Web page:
This group is separate from the Standard-only rares based on the fact that they actually see some amount of play in Modern. As a result I like them all a lot for the long term, but not really enough to hold them through rotation (assuming you can sell them for a decent price now). 

I expect all three cards to lose about half of their value over the next several months, putting Sylvan Caryatid and Master of Waves in the $2-$3 range and dropping Anger of the Gods down to a little under $1. Once this happens all three are pretty appealing, especially Master of Waves which is an auto three- or four-of in Modern Merfolk (and pretty hard to reprint due to the devotion mechanic) and Anger of the Gods, which deals with all kinds of problematic creatures in Modern. 

The issue with Sylvan Caryatid is that its generic name and lack of a set-specific mechanic or flavor makes it easy to reprint just about anywhere. It really feels like a Core Set rare. Even worse, its power level is lacking in Modern where Liliana of the Veil is a thing and blocking a 2-power creature isn't all that exciting. Being able to dodge Lightning Bolt and Path to Exile is nice, but it's not really worth an extra mana compared to Noble Hierarch or Birds of Paradise. That said, I could still see it increasing in price over the long-term, but I'm far less sure on this one. 


Holds are cards that I'm not actively buying or selling at the moment (although if someone offers me SCG prices I might take it or if someone is willing to sell at-or-below buylist I might be interested in buying). There are two types of cards that I end up in this category. The first are cards that I don't expect to lose much at rotation, but I also don't expect to increase significantly in price in the near future. If you think you might want these for casual play, you might as well hold onto them through rotation because there isn't much to be gained or lost either way. The second type of card has low-loss potential but also the potential for significant gains. The reason these cards are not in the "buy" category is that their absolute low-point should be this Winter, so if you are buying on speculation, that would be the time to do so. The buy/sell spread means you are unlikely to make a profit by selling your copies now and repurchasing in the future.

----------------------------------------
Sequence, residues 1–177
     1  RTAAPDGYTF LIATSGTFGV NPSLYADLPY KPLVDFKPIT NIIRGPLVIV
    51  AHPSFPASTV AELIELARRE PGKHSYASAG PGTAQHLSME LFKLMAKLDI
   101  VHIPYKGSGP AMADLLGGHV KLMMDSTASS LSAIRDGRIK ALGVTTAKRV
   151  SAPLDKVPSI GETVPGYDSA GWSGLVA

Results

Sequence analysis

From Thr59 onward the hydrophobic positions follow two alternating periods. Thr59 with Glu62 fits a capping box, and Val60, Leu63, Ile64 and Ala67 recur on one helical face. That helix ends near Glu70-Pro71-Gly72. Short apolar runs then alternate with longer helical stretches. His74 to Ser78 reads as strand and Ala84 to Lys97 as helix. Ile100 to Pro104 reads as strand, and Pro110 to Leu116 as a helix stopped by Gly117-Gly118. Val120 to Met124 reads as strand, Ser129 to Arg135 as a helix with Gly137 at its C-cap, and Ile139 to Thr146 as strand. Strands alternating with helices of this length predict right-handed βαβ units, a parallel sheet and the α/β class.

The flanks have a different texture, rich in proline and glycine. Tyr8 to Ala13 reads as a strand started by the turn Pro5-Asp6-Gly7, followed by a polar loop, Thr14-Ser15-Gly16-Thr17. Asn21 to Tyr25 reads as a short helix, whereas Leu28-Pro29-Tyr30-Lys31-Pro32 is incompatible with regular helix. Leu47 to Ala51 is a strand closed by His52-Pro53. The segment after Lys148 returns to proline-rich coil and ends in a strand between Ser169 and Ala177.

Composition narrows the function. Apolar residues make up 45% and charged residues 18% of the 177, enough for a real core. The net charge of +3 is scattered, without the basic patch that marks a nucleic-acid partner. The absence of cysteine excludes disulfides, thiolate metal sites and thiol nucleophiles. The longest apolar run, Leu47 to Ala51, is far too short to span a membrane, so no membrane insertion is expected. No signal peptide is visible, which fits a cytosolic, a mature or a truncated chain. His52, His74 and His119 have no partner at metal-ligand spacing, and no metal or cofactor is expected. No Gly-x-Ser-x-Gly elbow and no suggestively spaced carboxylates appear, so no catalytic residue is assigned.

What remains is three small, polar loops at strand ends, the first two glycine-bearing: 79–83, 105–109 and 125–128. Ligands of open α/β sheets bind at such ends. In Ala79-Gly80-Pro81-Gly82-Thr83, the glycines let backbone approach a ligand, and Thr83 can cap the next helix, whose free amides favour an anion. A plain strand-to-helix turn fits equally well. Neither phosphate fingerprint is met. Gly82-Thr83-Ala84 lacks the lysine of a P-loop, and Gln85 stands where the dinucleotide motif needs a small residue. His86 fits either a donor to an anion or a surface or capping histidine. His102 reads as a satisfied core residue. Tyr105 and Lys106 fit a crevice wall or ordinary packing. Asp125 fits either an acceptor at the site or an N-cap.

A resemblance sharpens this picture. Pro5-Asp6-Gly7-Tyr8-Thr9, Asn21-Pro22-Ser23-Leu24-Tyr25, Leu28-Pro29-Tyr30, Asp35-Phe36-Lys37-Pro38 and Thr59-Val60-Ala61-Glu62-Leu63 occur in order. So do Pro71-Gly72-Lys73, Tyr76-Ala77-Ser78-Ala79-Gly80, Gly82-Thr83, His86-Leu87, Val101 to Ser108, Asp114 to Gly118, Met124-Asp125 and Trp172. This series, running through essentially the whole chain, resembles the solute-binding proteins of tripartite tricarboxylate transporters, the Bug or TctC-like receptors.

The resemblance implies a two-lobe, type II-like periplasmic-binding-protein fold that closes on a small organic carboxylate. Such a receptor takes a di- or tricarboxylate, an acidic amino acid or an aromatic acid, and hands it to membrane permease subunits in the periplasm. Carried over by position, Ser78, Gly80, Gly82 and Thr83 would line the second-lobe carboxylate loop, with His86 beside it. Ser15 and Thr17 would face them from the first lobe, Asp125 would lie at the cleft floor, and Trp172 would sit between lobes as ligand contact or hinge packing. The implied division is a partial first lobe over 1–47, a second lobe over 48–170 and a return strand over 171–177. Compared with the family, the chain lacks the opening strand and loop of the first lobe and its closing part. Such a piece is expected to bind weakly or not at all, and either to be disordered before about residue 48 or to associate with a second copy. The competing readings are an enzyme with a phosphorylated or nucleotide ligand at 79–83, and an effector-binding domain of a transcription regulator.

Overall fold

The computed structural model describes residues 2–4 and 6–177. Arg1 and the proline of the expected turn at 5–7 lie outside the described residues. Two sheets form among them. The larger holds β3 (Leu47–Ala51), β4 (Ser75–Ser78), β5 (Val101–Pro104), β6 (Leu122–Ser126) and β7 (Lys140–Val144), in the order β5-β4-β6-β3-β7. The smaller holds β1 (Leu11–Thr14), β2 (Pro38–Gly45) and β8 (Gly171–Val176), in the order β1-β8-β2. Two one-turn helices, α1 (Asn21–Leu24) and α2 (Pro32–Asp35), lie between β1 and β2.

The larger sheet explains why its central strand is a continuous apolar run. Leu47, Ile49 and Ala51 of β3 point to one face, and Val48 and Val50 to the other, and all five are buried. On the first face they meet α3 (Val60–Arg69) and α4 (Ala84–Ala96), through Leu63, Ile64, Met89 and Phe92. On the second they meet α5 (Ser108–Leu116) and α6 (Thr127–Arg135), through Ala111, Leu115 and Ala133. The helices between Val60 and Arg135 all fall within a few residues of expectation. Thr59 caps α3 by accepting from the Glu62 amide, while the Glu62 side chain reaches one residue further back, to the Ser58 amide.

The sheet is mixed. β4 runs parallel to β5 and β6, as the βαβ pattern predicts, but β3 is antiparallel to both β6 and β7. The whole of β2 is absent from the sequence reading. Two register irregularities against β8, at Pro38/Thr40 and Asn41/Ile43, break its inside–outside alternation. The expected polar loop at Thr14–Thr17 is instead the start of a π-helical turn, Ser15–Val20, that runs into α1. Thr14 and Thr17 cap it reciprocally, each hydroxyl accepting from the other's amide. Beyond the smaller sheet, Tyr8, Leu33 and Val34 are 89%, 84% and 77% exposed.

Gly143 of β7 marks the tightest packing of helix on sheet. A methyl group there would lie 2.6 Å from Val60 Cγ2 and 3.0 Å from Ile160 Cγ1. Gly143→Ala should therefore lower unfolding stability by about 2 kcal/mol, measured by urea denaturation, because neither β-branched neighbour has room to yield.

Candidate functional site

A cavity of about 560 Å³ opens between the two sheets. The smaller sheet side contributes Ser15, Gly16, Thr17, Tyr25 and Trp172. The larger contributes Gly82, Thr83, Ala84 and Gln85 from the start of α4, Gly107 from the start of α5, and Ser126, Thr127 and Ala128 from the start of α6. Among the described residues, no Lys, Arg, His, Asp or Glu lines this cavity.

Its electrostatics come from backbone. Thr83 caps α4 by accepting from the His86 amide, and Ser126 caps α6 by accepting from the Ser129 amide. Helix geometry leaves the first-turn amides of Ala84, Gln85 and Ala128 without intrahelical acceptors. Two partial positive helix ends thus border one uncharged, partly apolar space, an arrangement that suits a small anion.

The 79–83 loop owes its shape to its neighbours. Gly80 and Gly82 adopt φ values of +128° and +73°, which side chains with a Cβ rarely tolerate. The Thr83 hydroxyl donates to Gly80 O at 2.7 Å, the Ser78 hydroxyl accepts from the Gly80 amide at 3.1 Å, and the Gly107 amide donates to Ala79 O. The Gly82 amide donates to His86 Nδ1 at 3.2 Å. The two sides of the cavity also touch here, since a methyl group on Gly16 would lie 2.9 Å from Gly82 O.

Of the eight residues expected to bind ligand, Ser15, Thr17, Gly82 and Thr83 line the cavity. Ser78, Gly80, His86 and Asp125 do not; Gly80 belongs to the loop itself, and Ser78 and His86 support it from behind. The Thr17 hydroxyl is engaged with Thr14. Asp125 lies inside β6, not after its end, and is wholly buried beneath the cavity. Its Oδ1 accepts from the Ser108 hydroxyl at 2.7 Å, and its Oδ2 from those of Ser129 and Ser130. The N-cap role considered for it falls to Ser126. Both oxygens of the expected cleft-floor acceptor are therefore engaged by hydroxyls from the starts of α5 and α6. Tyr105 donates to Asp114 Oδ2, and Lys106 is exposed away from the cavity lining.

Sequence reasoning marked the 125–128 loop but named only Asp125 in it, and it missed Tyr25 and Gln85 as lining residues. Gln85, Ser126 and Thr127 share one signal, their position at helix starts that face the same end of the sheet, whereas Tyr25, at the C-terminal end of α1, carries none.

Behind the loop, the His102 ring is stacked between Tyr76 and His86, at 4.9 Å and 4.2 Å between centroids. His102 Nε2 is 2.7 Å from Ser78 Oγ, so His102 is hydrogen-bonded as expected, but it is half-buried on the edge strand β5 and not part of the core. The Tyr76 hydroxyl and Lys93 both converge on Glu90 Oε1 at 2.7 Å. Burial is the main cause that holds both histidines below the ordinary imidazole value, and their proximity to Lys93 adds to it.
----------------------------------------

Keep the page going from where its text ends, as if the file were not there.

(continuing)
The Gods

$ 0.00 $ 0.00 $ 0.00 $ 0.00 $ 0.00 $ 0.00

$ 0.00 $ 0.00 $ 0.00 $ 0.00

Personally I have no idea what to make of the god cycle over the short term. Apparently they are all heavily played in EDH, which is a good thing over the long term, but as far as tournament play, their options are limited. Thassa, God of the Sea is certainly the most Modern playable of the cycle thanks to her low converted mana cost and natural synergy in Merfolk builds, but even here she often doesn't make the 75. Heliod, God of the Sun occasionally pops up in white prison/devotion builds, which while fun, are far from tier one decks at this point. Purphoros, God of the Forge seems like it could have combo potential, but it has never lived up to the hype surrounding its release. The other two are basically relegated to kitchen tables. 

It's possible that the gods don't drop too much in price for two reasons. First, most of the cycle is already relatively cheap and it's hard to imagine unique mythics that are casual favorites to drop to bulk prices. Second, most of these cards never had significant Standard demand, so their current prices are more reflective of their casual demand rather than some inflated Standard demand that will go away with rotation. 

Over the long-term I think their future is bright; not quite Eldrazi bright, but I wouldn't be surprised if most of the cycle is $10+ before their next reprinting. Speaking of reprintings, their potential landing spots are somewhat limited. They could end up like the Praetor cycles from New Phyrexia — too valuable to put in Duel Decks or commander products, but not exciting/valuable enough to reprint the entire cycle in a Modern Masters. While there might be some merit to buying the cheaper members of the cycle over the summer, I don't think you risk too much by waiting a few more months. Once they hit the $2-$4 range they become very tempting and if any drop down below $1.50 it's pretty much a slam dunk.

The Planeswalkers

$ 0.00 $ 0.00 $ 0.00 $ 0.00


I lumped all three planeswalkers together, but in all honesty Elspeth, Sun's Champion is more on the "sell" side of the "hold" group (thanks in large part to the Duel Deck printing) while Xenagos, the Reveler is a more solid hold. 

For planeswalkers without a Duel Deck printing, $5 is typically the long-term floor. For instance, Chandra Nalaar is generally considered to be among the worst planeswalkers and has been printed multiple times, but still manages to retail for $5 today. Duel Deck planeswalkers, on the other hand, sometimes dip a bit lower (for instance, Jace, Architect of Thought), but still typically end up at least $3. Of course, the one exception to this is Tibalt, the Fiend-Blooded, but the devil walker was a whole new kind of bad, and both Elspeth, Sun's Champion and Xenagos, the Reveler are far more playable and popular.